Muivah talks of a `special federal relationship’ with India
|Naga leader on progress of talks: “Slowly, slowly but not on big issues”|
NEW DELHI: The general secretary of the National Socialist Council of Nagaland (Isak-Muivah) has said the Nagas “can come as close as possible but it is not possible for the Nagas to come within the Indian Union or within the framework of the Indian Constitution”.
Speaking out thus for the first time since a dialogue on the Naga issue between the representatives of the Naga movement and New Delhi resumed last December, Thuingaleng Muivah told BBC World: “Nagaland was never a part of India either by conquest by India or by consent of the Nagas. This is very clear.”
On the state-of-play at the end of 41 rounds of dialogue, which started in 1997 when the NSCN (I-M), the biggest outfit fighting for Naga independence, declared a ceasefire, he said, evidently sticking to the hard line: “We can come as close as possible but it’s not possible for the Nagas to come within the Indian Union or within the framework of the Indian Constitution. Why? Because it amounts to dismissing the whole history of the Nagas and the Nagas cannot do that… Nagaland was never a part of India either by conquest by India or by consent of the Nagas. This is very clear. This is the unique history and so according to this uniqueness a solution will have to be worked out.”
On sovereignty, which, he said, belongs “to the Naga people and to the Naga people alone”, he spoke about “a special federal relationship” with India but not within India: “Sovereignty of the Naga people belongs to the Naga people and to the Naga people alone. There cannot be otherwise. Nagas have a right to decide their future, to determine their fate also. So long as that is there adjustments can be made… So long as the national identity of the Nagas is recognised and honoured that [adjustment] is possible… When we say a special federal relationship it has to be on the terms of the agreement that can be arrived at… It should be a federation of India and Nagalim [Greater Nagaland]. Within the Indian Constitution is not possible.”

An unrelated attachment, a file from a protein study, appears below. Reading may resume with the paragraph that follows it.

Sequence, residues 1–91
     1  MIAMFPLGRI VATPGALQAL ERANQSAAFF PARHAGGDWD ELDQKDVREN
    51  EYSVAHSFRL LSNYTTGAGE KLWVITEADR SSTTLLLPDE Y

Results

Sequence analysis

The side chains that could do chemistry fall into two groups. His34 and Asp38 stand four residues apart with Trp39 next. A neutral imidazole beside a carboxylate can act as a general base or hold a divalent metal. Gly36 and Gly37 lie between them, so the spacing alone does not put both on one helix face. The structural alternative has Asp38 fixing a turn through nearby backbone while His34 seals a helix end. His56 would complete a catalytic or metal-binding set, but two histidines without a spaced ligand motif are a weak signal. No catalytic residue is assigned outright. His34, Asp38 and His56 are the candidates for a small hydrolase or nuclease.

Mr. Muivah spoke of what this “special federal relationship” could amount to. Asked if New Delhi would have control over defence, external affairs, communication and currency, he replied: “In some aspect you are right… Yes, you are right but we have not [as yet] settled those kind of questions… It is in the process of being worked out. It may be a little bit too early on my part to make pronouncements on that.”
Subsequently, Mr. Muivah spelt out details of the defence relationship his proposed Naga state wishes to have with India. “You know when we talk about defence we have to say that Nagaland must be defended jointly in the event of external threat. That is possible. Why? Because if Nagaland is in danger naturally the security of India would also be threatened. And we appreciate that.”
Asked by Karan Thapar, the interviewer, if a joint defence agreement would “apply the other way round” and whether Nagaland would come to India’s defence if India were under threat, Mr. Muivah said: “That is not the case. Supposing there is a war or confrontation between India and other countries Nagas should not be under the obligation to join forces with India. Joint defence [is] only of Nagaland.”
If the Indian leadership agreed to make all of this possible within the ambit of the Constitution, would he be prepared to accept the Constitution? His answer was an emphatic `No’. He explained that he could not trust future generations of politicians not to amend the Constitution.
Mr. Muivah said that with regard to his second demand for the integration of all Naga areas outside the present boundaries of Nagaland with Nagaland what he was asking for is “recognition of the legitimacy of the people’s aspirations for Naga integration and a reasonable time frame for its implementation.” In answer to specific questions, Mr. Muivah twice confirmed that what he was asking for was an in-principle agreement recognising Naga aspirations for integration and thereafter was willing to grant the Indian Government reasonable time to implement it. He said that, “if Naga areas in Manipur are denied unification there could be no solution.”
Asked if he had a deadline in mind or if the talks with New Delhi could go on indefinitely Mr. Muivah replied: “It is too early to talk about it.” Asked if this meant that he was prepared to give the Indian Government more time, he said: “Yes, but we should not be too presumptuous. Things can go wrong anytime.” However, Mr. Muivah did say that progress was being made: “Slowly, slowly but not on big issues.”
The interview is to be broadcast at 10 p.m. on Friday in the Hard Talk India programme.